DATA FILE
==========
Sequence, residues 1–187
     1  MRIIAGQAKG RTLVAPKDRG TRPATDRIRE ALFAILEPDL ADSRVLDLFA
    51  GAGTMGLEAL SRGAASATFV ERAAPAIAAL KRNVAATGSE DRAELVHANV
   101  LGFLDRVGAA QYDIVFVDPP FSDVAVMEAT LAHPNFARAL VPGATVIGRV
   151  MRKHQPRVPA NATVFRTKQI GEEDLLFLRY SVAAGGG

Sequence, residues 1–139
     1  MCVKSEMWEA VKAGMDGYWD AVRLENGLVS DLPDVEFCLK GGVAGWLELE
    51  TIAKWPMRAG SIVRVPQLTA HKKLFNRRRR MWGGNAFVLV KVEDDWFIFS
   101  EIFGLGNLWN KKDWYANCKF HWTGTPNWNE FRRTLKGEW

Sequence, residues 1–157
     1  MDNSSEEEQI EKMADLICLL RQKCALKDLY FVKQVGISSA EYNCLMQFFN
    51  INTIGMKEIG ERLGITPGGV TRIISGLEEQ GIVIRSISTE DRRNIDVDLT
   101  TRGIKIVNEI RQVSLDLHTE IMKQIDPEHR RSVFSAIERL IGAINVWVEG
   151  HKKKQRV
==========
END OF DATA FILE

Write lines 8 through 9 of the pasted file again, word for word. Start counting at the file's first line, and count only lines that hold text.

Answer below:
    51  TIAKWPMRAG SIVRVPQLTA HKKLFNRRRR MWGGNAFVLV KVEDDWFIFS
   101  EIFGLGNLWN KKDWYANCKF HWTGTPNWNE FRRTLKGEW